Hunger. Children open oysters in a poor area of north Jakarta, Indonesia.
The latest report from Unicef and the World Bank warns that minors continue to be affected by the effects of the pandemic.
UNITED NATIONS Editorial
More of 300 million boys and girls around the world live in extreme povertyaccording to a new report from the United Nations Children’s Fund (UNICEF) together with the World Bank.
The data show that, although the number of minors subsist on less than $2.15 a day decreased between 2013 and 2022, the effects of the pandemic on the economy have paused this progress.
Specifically, according to the analysis, some 30 million boys and girls have escaped extreme poverty during the last three years if it had not been for the disruptions of covid-19.
By regions, the most affected is that of sub-Saharan Africa. Not only does it register 40% of minors living in extreme poverty, but the region increasingly accounts for a greater part of the global child poverty ratedriven by rapid population growth, environmental disasters and the effects of the pandemic.
In fact, only sub-Saharan Africa, North Africa and the Middle East have seen increase their levels of extreme child poverty in recent years.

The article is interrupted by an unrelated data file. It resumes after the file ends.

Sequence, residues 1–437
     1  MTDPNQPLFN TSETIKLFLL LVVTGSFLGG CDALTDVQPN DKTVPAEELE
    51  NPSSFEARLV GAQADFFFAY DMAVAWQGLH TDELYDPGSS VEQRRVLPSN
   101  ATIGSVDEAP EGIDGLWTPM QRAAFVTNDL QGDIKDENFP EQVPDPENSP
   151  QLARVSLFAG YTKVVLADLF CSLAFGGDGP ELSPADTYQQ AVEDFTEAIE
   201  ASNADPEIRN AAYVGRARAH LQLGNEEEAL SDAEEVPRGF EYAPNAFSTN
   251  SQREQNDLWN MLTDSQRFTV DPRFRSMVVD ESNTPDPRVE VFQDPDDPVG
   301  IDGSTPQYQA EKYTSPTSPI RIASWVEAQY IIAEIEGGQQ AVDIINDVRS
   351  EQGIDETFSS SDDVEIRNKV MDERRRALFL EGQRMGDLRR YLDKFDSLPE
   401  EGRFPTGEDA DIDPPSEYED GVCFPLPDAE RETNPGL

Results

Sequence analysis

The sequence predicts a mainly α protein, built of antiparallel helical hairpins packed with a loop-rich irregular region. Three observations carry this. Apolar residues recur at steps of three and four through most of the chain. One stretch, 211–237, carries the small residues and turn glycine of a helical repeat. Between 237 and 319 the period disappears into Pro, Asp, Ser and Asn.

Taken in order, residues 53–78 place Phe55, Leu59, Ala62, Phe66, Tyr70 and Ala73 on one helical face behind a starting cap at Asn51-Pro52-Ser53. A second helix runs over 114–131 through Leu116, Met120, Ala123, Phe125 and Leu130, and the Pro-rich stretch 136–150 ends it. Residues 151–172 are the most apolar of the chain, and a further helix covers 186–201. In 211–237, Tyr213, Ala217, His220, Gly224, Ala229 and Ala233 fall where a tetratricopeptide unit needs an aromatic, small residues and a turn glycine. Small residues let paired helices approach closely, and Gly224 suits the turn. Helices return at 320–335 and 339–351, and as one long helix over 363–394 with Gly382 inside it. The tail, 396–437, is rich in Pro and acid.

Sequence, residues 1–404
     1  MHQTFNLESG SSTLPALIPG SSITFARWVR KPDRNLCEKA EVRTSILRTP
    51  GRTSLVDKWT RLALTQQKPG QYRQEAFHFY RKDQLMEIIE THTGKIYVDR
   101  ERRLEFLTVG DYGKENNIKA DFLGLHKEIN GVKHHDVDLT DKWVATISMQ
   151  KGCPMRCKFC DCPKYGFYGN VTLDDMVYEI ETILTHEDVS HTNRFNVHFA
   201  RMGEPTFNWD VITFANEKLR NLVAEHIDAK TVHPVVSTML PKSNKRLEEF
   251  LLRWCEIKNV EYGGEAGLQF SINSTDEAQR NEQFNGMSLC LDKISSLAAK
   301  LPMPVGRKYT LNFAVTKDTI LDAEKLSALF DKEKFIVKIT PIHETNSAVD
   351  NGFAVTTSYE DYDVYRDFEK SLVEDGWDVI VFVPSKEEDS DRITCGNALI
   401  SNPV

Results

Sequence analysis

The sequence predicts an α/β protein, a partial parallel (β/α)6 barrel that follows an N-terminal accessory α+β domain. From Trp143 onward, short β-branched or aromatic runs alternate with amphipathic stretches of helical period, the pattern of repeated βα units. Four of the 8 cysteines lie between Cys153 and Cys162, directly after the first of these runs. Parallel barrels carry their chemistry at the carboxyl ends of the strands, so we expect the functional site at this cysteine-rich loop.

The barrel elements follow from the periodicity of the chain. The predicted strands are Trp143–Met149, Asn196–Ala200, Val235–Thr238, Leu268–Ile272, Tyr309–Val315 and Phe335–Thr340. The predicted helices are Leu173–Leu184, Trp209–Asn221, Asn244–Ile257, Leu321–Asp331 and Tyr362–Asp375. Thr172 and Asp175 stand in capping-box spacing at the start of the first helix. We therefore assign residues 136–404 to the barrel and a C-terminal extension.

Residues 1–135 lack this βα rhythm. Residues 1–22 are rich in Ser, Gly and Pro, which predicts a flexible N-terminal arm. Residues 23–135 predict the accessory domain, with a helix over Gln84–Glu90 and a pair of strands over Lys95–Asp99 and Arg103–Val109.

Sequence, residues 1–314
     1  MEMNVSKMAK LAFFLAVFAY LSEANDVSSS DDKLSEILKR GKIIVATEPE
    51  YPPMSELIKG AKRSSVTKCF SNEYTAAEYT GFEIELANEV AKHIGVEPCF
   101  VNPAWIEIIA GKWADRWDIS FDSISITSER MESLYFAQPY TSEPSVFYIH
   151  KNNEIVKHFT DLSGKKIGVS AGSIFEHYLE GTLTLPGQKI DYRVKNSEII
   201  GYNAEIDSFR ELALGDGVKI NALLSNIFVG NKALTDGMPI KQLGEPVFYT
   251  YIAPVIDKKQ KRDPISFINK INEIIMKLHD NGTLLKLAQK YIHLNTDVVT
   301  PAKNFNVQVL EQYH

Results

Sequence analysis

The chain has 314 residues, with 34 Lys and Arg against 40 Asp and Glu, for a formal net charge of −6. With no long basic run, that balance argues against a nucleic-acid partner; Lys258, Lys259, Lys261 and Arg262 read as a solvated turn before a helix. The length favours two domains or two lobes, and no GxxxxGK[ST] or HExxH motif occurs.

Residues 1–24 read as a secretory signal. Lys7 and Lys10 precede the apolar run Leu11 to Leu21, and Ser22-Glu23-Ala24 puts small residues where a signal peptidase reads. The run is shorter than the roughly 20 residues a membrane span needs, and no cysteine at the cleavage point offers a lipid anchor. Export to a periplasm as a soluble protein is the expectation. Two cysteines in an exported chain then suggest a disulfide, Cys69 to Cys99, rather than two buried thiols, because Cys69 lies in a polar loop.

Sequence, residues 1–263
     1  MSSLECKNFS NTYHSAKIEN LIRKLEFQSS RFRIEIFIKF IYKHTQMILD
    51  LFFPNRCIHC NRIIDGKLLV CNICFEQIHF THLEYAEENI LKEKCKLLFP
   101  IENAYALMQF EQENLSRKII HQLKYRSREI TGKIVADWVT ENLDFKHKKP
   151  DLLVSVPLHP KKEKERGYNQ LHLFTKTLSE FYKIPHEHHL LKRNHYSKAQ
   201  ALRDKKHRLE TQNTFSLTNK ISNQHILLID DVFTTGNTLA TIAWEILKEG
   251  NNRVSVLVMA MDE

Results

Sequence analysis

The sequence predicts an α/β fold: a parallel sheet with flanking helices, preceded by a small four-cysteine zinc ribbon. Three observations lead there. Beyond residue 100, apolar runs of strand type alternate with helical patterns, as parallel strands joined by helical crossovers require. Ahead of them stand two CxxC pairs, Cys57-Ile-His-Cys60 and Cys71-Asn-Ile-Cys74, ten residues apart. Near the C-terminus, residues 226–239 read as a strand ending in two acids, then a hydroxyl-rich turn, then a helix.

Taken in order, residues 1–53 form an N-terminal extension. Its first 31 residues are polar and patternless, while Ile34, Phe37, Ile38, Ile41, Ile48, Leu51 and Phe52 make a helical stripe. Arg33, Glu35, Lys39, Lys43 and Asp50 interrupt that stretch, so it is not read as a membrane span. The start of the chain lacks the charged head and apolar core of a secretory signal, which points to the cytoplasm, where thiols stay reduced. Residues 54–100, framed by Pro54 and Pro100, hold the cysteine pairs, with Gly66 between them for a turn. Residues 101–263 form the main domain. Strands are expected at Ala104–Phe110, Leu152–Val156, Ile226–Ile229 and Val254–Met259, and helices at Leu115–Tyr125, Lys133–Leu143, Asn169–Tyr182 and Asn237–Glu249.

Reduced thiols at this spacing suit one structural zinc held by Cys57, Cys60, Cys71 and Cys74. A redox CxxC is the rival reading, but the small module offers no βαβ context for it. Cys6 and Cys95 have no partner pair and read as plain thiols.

The data is known a few days before the High-Level Week of the United Nations General Assembly begins in New York, where the Leaders from around the world will assess global progress on the sustainable development goals adopted in 2015.
According to Unicef and the World Bank, the objective of eliminating extreme child poverty by 2030 will not be achieved to maintain the current course.
Another of the findings of the report is that the Children represent 50% of the population living in extreme poverty, even though they are only a third of the world’s population.
The figures are especially worrying in countries in conflict, in rural regions or in homes where the heads of the family have not had access to education.
In these types of situations, minors do not have access to food, hygiene or health care. EFE
Unicef recuerda que la inversión en ayudas económicas para padres y madres es una medida efectiva para reducir la pobreza infantil.